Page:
The opinion of the court was delivered by: Roberts, Justice
Terry, McIlwain, Jr., & Evans v. State of Mississippi
94-KA-00528-SCT, __So. 2d __
DATE OF JUDGMENT: 06/01/94
TRIAL JUDGE: HON. EUGENE M. BOGEN
COURT FROM WHICH APPEALED: WASHINGTON COUNTY CIRCUIT COURT
NATURE OF THE CASE: CRIMINAL - MISDEMEANOR
DISPOSITION REVERSED AND RENDERED - 8/6/98
MOTION FOR REHEARING FILED:
¶1. Kay Terry, Willard L. McIlwain, Jr., and Traci Renee Evans, a/k/a Tracy Evans were found guilty of contempt in the Circuit Court of Washington County. Terry and Evans were sentenced to serve 90-day terms in county jail, and McIlwain was sentenced to a term of 3 days in jail. Each defendant was ordered to pay a fine of $1,000. All three defendants have perfected an appeal to this Court. They assign as error the following issues:
of Kay Terry and Willard L. McIlwain, Jr. I. THE TRIAL COURT COMMITTED REVERSIBLE ERROR IN FINDING KAY TERRY IN CONTEMPT WHEN THERE WAS NO EVIDENCE OF ANY ACT ON HER PART WHICH LED TO THE SUBJECT ARTICLE BEING PUBLISHED.
II. THE TRIAL COURT WAS IN ERROR IN FINDING KAY TERRY'S ATTORNEY, WILLARD L. McILWAIN, JR., IN CONTEMPT WHEN THERE WAS NO ACT ON HIS PART WHICH LED TO THE SUBJECT ARTICLE BEING PUBLISHED AND HE WAS UNDER NO OBLIGATION TO STOP THE ARTICLE BEING PRINTED BY A THIRD-PARTY OVER WHOM HE HAD NO CONTROL.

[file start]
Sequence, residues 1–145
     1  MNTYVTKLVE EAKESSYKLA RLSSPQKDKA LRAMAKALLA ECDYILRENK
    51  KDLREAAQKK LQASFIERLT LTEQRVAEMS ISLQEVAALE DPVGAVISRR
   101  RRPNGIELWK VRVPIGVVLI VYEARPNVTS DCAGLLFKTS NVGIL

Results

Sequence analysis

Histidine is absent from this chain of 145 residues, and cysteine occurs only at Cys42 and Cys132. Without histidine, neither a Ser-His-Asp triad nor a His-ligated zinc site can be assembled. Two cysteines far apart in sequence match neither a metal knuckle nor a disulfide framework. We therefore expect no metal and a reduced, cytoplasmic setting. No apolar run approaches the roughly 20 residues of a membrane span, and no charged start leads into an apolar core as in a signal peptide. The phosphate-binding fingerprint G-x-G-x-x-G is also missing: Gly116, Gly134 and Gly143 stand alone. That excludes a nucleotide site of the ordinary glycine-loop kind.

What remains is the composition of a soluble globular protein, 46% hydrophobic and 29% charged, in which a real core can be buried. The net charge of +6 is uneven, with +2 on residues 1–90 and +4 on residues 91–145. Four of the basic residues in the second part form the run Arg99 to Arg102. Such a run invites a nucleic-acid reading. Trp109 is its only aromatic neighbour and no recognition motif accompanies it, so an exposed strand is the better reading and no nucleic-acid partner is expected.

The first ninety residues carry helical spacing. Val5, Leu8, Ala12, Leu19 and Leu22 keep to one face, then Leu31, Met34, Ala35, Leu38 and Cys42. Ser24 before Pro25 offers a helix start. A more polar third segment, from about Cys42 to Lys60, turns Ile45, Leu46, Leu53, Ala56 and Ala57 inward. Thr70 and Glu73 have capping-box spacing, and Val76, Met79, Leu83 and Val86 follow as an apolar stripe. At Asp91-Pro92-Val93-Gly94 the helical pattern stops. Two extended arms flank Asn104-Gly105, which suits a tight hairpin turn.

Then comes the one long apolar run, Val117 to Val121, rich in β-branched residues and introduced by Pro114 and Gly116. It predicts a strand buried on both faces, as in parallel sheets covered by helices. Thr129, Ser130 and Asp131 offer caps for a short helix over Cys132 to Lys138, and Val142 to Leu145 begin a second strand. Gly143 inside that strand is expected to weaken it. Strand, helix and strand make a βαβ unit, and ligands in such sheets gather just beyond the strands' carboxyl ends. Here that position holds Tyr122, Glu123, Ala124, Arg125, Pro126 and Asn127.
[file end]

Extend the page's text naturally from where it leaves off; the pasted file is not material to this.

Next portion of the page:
III. THE TRIAL COURT WAS IN ERROR IN FAILING TO ALLOW THE "RULE" TO BE INVOKED.
IV. THE TRIAL COURT WAS IN ERROR IN HEARING THIS MATTER ITSELF IN LIGHT OF THE FACT THAT IT SHOULD HAVE BEEN REFERRED TO ANOTHER JUDGE.
of Traci Evans I. THE TRIAL COURT ERRED IN HEARING THIS MATTER ITSELF, IN LIGHT OF THE FACT THAT IT WAS A CONSTRUCTIVE CRIMINAL CONTEMPT CHARGE AND HEARING, AND SHOULD HAVE BEEN REFERRED TO ANOTHER JUDGE.
II. THE TRIAL COURT WAS IN ERROR IN A CONSTRUCTIVE CRIMINAL CONTEMPT HEARING BY VIOLATING APPELLANT'S DUE PROCESS RIGHTS IN DENYING APPELLANT'S RIGHT TO COUNSEL.
III. THE TRIAL COURT COMMITTED REVERSIBLE ERROR DUE TO THE STATE'S FAILURE TO SUFFICIENTLY PROVE THE ELEMENTS OF CONSTRUCTIVE CRIMINAL CONTEMPT AND THAT THE APPELLANT WAS GUILTY BEYOND A REASONABLE DOUBT.
¶2. This Court holds that the contempt proceedings against Terry, McIlwain, and Evans should not have been heard by Judge Bogen, as he initiated the constructive contempt charges against the three. His failure to recuse is reversible error. The failure of Judge Bogen to "invoke the rule" was not reversible error because the appellants did not show how they were prejudiced by his failing to do so. Evans was erroneously charged because she did fall under the authority of URCCC 9.01. Finally, although moot, Evans was denied her right to counsel because Judge Bogen proceeded without informing her of her right to seek the advice of an attorney and the ramifications if she did not seek one. Therefore, this case is reversed and rendered.
¶3. This case came before the court on Petitions for Contempt Citation, some of which were brought by the State and some of which were brought by the trial court Circuit Judge Eugene M. Bogen. The contempt charges arose as a result of an article sent to the Delta Democrat Times , which was published on May 22, May 23, and May 24, 1994. The article was purchased by Traci Evans, a friend of Kay Terry, who had been following the criminal proceedings against Terry subsequent to her indictment for embezzlement from Friedman Iron and Metal Company. The article ran several days prior to Terry's second trial set to begin on May 25, 1994.